Gun rules for child care centers pass Senate
OLYMPIA – Child care centers would be gun-free zones, even for those with concealed pistol licenses, and home day care facilities would have to keep firearms locked up, under a bill that passed the Senate Monday.
The bill would make those facilities like schools, which already are gun-free zones. Supporters said it is designed primarily to keep children from getting hold of firearms and injuring themselves and others.
“The safest thing for everyone is to have no firearms in these facilities,” Sen. Jamie Pederesen, D-Seattle, said.
It passed 26-21 despite warnings from critics that it would make those facilities less safe, not more safe.
Sen. Shelly Short, R-Addy, said there are child care facilities in some parts of Stevens County where it takes law enforcement officials up to an hour to reach them.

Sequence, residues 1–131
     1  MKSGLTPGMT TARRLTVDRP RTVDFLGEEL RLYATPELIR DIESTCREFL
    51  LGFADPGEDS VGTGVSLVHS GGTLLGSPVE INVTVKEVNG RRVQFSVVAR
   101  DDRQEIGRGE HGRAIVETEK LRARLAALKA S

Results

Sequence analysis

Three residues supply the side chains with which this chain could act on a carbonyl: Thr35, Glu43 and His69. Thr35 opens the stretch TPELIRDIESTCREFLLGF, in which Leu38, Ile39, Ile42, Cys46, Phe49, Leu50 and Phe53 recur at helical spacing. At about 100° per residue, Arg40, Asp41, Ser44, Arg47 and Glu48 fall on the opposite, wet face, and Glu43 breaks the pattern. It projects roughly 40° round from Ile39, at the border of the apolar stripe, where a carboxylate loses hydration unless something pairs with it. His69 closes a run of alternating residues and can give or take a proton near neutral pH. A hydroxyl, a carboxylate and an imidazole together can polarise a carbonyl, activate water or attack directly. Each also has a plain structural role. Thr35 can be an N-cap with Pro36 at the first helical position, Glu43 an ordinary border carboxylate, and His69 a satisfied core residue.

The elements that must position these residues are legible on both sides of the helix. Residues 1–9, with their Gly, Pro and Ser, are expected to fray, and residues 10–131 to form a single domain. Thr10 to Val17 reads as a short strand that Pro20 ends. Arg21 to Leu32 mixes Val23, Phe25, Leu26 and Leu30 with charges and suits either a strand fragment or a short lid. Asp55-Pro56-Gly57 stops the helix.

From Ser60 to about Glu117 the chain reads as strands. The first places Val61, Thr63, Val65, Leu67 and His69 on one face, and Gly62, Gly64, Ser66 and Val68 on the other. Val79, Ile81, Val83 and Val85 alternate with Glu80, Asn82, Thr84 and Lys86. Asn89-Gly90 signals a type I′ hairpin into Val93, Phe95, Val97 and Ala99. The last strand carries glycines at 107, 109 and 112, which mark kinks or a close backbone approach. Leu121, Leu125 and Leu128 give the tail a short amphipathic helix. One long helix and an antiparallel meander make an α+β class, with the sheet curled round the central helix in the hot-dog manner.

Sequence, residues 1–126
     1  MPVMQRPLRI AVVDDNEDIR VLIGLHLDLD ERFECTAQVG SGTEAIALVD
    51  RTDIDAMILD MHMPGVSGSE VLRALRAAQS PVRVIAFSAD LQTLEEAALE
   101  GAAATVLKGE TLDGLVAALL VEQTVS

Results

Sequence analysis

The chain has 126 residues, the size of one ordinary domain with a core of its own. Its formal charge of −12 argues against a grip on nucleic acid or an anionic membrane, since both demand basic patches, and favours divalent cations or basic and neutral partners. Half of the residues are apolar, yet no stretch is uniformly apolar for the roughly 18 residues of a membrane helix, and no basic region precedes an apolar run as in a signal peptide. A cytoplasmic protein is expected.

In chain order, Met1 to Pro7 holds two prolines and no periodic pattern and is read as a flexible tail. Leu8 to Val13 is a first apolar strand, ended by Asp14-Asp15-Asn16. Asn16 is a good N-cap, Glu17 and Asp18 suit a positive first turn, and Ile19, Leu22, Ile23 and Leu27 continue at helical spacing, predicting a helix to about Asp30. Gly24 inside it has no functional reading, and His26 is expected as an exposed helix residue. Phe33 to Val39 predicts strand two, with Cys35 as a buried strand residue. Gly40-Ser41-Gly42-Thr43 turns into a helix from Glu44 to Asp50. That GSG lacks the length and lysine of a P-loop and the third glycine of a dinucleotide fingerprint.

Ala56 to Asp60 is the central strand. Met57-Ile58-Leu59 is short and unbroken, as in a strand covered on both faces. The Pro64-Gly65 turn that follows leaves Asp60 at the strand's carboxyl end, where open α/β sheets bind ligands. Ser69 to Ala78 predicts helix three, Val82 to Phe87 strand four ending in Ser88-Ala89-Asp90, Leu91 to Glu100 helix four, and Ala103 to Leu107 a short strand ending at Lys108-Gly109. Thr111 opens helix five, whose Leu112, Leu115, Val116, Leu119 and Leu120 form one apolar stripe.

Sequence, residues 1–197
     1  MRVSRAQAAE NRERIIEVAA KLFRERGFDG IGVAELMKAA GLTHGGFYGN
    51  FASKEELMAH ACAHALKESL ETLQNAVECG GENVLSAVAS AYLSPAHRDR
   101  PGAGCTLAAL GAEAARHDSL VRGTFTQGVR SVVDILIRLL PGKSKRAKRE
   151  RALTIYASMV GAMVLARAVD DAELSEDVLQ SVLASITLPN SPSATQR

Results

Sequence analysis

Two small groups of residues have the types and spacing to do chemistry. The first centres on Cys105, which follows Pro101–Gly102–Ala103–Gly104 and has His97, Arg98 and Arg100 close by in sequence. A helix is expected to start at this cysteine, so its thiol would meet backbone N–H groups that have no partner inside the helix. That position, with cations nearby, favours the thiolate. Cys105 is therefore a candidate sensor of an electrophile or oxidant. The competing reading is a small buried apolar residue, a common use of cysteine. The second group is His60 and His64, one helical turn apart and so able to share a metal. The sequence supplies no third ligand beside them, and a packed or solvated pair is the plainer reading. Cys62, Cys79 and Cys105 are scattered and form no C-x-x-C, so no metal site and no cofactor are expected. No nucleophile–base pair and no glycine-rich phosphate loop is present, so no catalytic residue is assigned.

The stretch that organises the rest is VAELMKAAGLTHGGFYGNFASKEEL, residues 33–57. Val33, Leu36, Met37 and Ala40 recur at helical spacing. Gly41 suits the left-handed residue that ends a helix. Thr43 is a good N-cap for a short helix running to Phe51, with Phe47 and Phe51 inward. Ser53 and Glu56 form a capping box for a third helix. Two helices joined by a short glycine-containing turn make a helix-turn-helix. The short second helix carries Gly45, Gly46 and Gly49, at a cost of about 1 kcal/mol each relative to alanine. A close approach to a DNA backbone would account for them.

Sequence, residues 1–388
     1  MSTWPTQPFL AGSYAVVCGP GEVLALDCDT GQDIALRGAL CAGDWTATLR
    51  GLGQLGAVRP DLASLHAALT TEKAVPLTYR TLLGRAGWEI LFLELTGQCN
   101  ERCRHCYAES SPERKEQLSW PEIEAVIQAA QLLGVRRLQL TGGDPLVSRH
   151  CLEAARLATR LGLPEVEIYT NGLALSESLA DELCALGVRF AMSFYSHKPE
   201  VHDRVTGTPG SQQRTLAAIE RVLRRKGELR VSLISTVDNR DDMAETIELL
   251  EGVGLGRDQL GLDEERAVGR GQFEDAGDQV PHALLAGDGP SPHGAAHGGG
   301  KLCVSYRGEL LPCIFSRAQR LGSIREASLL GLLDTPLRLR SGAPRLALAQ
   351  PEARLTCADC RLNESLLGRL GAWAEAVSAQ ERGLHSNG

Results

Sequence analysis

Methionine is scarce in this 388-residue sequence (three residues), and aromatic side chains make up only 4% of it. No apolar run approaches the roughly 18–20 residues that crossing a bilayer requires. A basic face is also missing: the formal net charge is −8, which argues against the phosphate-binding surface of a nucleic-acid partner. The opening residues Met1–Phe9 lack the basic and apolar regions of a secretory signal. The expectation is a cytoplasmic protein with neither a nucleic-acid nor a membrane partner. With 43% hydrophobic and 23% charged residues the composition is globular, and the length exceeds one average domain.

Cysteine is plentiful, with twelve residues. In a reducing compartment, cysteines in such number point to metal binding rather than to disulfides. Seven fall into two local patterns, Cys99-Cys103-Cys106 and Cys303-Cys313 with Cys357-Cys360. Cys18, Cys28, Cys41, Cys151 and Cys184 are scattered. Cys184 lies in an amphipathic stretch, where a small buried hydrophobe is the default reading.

“You put these day care centers without the ability of the center having a concealed weapon if they want it,” Short said.
But the Senate turned down a proposed amendment to exempt people with concealed pistol licenses from the ban on firearms on a 22-26 vote. On a voice vote senators also rejected an amendment from Sen. Phil Fortunato, R-Auburn, that would have required child care centers to post signs stating “Children unprotected at this location.”
Sen. Dean Takko, D-Longview, said he was voting for the bill even though he was an NRA member and a gun owner. He views keeping firearms away from children the same as keeping a box of matches away from them.
“We’re not trying to take guns away from people. We’re trying to protect children,” Takko said.
“Everybody in this chamber wants to keep children safer,” Sen. Mike Padden, R-Spokane Valley, said. “The question is: What’s the best way?”
An early version of the bill would have banned firearms in public libraries and parks, but those provisions were removed after a committee hearing. Library officials said they were afraid some patrons who have concealed pistol license would stay away if the ban was applied to them, and didn’t have the equipment to enforce the ban or the budget to purchase it.
The Senate approved an amendment Monday that prohibits cities and counties from passing ordinances prohibiting gun possession in parks.